Pancreatic cancer victim makes posthumous gift

Cancer Society medical director Chris Jackson accepts a donation from Joan Alison from sales of...
Cancer Society medical director Chris Jackson accepts a donation from Joan Alison from sales of her late husband, Murray’s book. PHOTO: CHRISTINE ROBERTSON
The Cancer Society yesterday benefited from a final act of generosity by a man who had already given much to his community.

Almost the final project of landscape artist Murray Ayson’s life was to assist wife Joan to compile a book which collected plates of many of his works, Paintings from my Palette.

Mr Ayson, who died in February, specified that the proceeds be given to the Cancer Society for research into pancreatic cancer, the disease which killed him.

Yesterday, Mrs Ayson presented the society with $12,420, a sum which society Otago and Southland Division acting chief executive Bob King said would make a major difference.

"As a society we are very dependent on fundraising events, which are driven by having crowds of people.

"In March we had to cancel our relay for life [due to Covid-19] and more recently we had to cancel our Dunedin ball and Daffodil Day, our major fundraising event for the year, we had to run under Level 2 conditions ... that has had an impact."

Mrs Ayson said many of the mourners at Mr Ayson’s funeral, held just before the Alert Level 4 lockdown, had pledged to buy the book, and there were healthy sales in bookshops.

"He said he did not want to make money out of it. He said that he wanted it to help other people with pancreatic cancer.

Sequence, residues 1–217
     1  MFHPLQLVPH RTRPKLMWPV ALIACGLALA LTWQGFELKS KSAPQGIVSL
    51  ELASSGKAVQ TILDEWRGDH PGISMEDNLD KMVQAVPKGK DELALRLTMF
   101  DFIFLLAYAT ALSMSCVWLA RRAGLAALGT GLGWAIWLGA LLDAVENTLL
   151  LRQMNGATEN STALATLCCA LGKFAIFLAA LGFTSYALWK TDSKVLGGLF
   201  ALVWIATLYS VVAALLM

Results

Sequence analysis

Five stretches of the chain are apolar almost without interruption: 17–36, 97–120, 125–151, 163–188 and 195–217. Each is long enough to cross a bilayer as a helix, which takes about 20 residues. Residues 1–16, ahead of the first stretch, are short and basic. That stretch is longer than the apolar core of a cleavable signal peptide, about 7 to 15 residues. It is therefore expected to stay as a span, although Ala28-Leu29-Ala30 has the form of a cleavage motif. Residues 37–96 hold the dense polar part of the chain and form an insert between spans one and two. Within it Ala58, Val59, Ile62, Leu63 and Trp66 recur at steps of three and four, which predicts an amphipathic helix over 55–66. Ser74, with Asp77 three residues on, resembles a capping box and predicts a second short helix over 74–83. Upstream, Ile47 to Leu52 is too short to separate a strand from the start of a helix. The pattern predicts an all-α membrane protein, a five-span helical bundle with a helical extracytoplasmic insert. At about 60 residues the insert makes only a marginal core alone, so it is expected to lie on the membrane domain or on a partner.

"There was an amazingly large number of people at Murray’s funeral, and that created a lot of the kick-start for getting a sizeable amount of money out of the book."

Mr Ayson, a former farmer, was also well-known in the community for his work for various charities.

Cancer Society medical director Chris Jackson, who treated Mr Ayson, said pancreatic cancer was a little-understood and hard-to-diagnose cancer that could kill patients swiftly.

"There is a lot of research being done on this cancer in New Zealand and as the custodians of this donation we will make sure that the money is channelled towards that: it is a huge responsibility and we are really grateful for their generosity.

"Because it is one of the most difficult cancers to track, it is often very widespread at time of diagnosis and for the majority of patients their pancreatic cancer is, unfortunately, incurable."

This week is pancreatic cancer awareness week.

Dr Jackson said incidences of the disease were on the rise, and that it could be one of New Zealand’s top lethal cancers in his lifetime.

"A lot of that could be dietary and we also know there is a relation between body mass and pancreatic cancer and unfortunately New Zealand is at the upper end worldwide in terms of BMI.

"The treatments we have are not very good and they only extend life modestly, which is why investments in research like this are so critical," Dr Jackson said.

 

 

 

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